United States District Court, S.D. Indiana, Indianapolis Division
ORDER DENYING NATIONWIDE'S PARTIAL MOTION TO
PATRICK HANLON UNITED STATES DISTRICT JUDGE
Shore Co-Owners' Association alleges that Nationwide
Mutual Insurance Company breached the insurance policy issued
to North Shore by failing to fully pay for covered shingle
damage. North Shore also alleges that Nationwide acted in bad
faith by wrongly and intentionally deceiving North Shore and
denying coverage for open and obvious cosmetic hail damage.
Nationwide has moved to dismiss North Shore's bad-faith
claim, asserting that it had a rational basis for denying
coverage for the shingle damage. Dkt. . For reasons that
follow, that motion is DENIED.
Facts and Background
deciding Nationwide's motion for dismissal, the Court
accepts and recites “the well-pleaded facts in the
complaint as true.” McCauley v. City of
Chicago, 671 F.3d 611, 616 (7th Cir. 2011).
insured North Shore's buildings. Dkt. 1-2 at 3 (Compl.
¶ 1). The policy covered cosmetic shingle damage from
hail, even if that damage was just cosmetic. Id. at
5 (¶ 18). During the policy period, North Shore's
roofs sustained open and obvious hail damage. Id. at
3-4 (¶¶ 2-3, 14).
hired Nederveld, a preferred vendor, to inspect North
Shore's buildings and to submit a report on the damage.
Id. at 5 (¶¶ 16, 17, 20). Nederveld
defined “damage” from hail to only include
functional shingle damage, not cosmetic damage. Id.
(¶ 19). Under that definition, Nederveld reported to
Nationwide that North Shore's roofs had no damage.
Id. (¶ 20). Nationwide used Nederveld's
report to conclude that the applicable policy only covered
functional shingle damage and North Shore's roofs had no
damage. Id. (¶¶ 21-22). Ultimately,
Nationwide did not pay the full amount of the loss.
Id. at 3 (¶ 4).
removed North Shore's complaint to this court on November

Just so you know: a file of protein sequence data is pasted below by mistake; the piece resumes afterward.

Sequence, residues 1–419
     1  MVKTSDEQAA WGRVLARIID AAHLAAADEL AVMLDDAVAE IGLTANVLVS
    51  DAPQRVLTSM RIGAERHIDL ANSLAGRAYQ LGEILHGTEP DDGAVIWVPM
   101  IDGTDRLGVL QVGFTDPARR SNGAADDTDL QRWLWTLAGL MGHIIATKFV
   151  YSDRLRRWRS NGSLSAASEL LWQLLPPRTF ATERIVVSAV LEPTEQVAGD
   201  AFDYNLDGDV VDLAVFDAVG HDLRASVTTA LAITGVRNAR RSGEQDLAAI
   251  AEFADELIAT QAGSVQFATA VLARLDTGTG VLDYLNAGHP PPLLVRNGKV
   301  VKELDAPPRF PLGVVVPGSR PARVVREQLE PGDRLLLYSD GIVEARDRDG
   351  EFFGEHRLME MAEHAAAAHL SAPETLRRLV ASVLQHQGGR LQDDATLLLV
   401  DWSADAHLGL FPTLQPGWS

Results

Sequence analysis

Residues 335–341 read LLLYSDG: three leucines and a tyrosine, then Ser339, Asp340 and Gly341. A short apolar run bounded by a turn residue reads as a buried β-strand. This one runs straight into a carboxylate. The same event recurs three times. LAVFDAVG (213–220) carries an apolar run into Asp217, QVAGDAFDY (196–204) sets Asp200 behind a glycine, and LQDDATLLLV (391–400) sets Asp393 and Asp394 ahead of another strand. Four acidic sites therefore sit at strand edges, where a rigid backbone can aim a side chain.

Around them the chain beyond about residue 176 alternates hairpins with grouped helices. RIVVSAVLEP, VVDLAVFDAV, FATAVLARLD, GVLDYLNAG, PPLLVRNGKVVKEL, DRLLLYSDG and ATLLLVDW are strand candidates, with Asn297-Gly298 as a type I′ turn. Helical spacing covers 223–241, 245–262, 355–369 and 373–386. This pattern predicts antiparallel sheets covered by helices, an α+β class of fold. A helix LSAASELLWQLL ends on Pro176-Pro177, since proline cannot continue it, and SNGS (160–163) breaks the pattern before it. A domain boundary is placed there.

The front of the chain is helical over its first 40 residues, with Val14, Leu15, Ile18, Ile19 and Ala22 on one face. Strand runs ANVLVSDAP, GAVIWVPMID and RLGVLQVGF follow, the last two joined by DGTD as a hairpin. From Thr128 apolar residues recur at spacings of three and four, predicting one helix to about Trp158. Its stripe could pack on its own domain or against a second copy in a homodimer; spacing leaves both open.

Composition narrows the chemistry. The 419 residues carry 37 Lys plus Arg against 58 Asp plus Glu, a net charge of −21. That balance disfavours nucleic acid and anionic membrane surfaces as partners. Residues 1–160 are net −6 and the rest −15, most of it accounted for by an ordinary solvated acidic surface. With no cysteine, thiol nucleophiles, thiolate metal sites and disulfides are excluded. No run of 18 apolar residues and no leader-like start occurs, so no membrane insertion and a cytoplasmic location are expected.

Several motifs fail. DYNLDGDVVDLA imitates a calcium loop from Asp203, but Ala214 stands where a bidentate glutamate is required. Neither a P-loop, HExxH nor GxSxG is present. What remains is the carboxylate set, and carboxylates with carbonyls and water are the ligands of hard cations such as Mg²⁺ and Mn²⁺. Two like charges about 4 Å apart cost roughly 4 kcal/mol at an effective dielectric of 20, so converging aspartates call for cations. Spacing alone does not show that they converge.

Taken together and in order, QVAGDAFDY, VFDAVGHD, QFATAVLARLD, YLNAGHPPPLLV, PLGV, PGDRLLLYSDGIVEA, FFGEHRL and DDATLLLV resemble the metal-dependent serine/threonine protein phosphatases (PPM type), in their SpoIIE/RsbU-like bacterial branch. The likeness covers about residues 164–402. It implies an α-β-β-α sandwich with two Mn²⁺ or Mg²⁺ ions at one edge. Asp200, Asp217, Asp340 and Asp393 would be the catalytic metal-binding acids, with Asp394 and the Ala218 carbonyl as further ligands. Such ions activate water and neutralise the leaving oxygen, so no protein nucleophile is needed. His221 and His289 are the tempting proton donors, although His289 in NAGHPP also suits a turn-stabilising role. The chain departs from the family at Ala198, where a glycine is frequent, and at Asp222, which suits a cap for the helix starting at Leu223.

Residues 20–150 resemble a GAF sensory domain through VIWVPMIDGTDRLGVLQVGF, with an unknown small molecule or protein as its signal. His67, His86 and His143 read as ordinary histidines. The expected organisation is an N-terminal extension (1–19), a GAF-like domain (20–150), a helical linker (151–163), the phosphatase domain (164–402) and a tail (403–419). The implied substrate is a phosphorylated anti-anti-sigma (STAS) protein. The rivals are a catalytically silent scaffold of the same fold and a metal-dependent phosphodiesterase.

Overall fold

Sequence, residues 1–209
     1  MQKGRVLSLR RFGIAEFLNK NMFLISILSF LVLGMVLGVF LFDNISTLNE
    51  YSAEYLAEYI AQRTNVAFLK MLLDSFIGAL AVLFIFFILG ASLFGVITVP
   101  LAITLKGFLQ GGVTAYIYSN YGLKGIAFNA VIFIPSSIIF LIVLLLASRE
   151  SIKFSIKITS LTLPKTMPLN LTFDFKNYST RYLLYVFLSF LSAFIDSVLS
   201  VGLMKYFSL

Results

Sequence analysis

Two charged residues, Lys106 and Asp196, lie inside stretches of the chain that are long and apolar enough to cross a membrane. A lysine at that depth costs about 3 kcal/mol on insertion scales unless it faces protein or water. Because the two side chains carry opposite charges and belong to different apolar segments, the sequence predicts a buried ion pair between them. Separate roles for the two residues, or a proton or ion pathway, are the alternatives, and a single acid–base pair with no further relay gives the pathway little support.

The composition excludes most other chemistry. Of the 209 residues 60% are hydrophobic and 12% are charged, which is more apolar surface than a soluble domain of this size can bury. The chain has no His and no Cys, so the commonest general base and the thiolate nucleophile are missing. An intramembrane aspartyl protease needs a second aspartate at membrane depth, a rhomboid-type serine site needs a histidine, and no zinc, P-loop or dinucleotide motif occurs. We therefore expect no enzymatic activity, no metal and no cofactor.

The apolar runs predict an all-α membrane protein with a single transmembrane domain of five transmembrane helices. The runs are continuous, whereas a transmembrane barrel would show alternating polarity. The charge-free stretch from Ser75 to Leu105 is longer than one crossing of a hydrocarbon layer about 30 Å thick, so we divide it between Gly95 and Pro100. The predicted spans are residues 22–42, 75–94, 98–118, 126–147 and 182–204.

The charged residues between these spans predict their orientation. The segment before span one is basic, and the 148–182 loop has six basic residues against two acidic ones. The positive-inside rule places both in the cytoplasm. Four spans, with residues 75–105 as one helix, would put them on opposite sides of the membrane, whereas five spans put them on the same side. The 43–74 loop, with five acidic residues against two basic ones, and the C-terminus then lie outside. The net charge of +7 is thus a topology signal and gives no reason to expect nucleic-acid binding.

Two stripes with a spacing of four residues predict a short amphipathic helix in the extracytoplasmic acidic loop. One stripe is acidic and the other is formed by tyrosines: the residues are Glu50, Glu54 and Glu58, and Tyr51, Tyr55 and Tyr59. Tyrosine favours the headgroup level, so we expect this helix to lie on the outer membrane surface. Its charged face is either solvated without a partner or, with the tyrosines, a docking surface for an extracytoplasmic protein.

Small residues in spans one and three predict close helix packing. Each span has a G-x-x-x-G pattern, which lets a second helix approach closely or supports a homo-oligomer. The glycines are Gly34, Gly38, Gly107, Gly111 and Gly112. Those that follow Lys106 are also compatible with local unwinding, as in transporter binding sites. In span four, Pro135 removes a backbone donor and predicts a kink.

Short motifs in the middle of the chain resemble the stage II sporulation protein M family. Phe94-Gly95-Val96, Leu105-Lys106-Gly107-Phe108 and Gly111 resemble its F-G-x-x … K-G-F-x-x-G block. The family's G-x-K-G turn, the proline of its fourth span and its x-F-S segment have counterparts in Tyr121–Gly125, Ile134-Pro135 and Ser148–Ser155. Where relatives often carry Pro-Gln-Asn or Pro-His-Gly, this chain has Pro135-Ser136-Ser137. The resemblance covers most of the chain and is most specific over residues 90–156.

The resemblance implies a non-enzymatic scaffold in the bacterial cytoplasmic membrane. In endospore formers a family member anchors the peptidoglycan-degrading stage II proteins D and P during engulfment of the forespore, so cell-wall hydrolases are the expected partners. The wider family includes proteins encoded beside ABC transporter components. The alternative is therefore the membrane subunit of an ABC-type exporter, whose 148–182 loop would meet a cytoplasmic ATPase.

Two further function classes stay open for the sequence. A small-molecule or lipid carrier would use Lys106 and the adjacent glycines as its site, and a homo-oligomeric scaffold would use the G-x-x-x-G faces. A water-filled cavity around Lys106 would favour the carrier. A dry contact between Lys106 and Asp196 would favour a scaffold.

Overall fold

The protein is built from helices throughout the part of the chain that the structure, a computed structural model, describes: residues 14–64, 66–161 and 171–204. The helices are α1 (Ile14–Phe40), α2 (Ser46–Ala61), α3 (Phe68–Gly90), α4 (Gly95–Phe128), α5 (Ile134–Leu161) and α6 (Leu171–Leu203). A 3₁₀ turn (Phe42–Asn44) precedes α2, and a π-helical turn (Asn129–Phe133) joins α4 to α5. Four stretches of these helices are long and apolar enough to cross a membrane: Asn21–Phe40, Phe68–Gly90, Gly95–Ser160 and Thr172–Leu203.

20, 2018. Dkt. 1. The complaint alleges two counts: Count I
for breach of contract and Count II for bad faith. Dkt. 1-2.
Nationwide answered Count I, dkt. 8, and moves to dismiss
Count II, arguing that North Shore has not alleged sufficient
facts under Indiana law to support a claim of bad faith, dkt.
10. In response, North Shore argues that the Court should
deny the motion to dismiss or alternatively stay
Nationwide's motion pending bad faith discovery and/or
grant North Shore leave to amend its complaint. Dkt. 14.
may move under Federal Rule of Civil Procedure 12(b)(6) to
dismiss claims for “failure to state a claim upon which
relief may be granted.” Fed. R. Civ. Pro. 12(b)(6). To
survive a Rule 12(b)(6) motion to dismiss, a complaint must
“contain sufficient factual matter, accepted as true,
to ‘state a claim to relief that is plausible on its
face.'” Ashcroft v. Iqbal, 556 U.S. 662,
678 (2009) (quoting Bell Atl. Corp. v. Twombly, 550
U.S. 544, 570 (2007)). A facially plausible claim is one that
allows “the court to draw the reasonable inference that
the defendant is liable for the misconduct alleged.”
ruling on a 12(b)(6) motion, the Court will “accept the
well-pleaded facts in the complaint as true, ” but will
not defer to “legal conclusions and conclusory
allegations merely reciting the elements of the claim.”
McCauley, 671 F.3d at 616.
federal court hearing a case under diversity jurisdiction
must apply the substantive law of the state in which it sits.
Erie Railroad Co. v. Tompkins, 304 U.S. 64, 78
(1938). Indiana law governs this case. See
Kartman v. State Farm Mut. Auto. Ins. Co.,
634 F.3d 883, 890 (7th Cir. 2011) (applying Indiana law).
argues that Count II should be dismissed because it had a
rational basis for its coverage position and North Shore
fails to allege any “element of conscious
wrongdoing.” Dkt. 10 at 3.
Shore contends that it sufficiently pleads a bad-faith claim
because it “alleges furtive intent, deceitful conduct
and wrongdoing.” Dkt. 14 at 3. North Shore asserts that
“[d]enying obvious hail damage, coupled with the size
of the claim, estimated at over five hundred thousand